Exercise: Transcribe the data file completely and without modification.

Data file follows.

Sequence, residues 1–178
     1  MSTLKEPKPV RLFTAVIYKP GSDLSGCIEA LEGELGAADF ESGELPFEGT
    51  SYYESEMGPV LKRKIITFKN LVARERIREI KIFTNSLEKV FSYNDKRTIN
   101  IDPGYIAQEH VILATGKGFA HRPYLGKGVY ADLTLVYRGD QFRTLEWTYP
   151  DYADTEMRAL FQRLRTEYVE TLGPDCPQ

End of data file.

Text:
Sequence, residues 1–178
     1  MSTLKEPKPV RLFTAVIYKP GSDLSGCIEA LEGELGAADF ESGELPFEGT
    51  SYYESEMGPV LKRKIITFKN LVARERIREI KIFTNSLEKV FSYNDKRTIN
   101  IDPGYIAQEH VILATGKGFA HRPYLGKGVY ADLTLVYRGD QFRTLEWTYP
   151  DYADTEMRAL FQRLRTEYVE TLGPDCPQ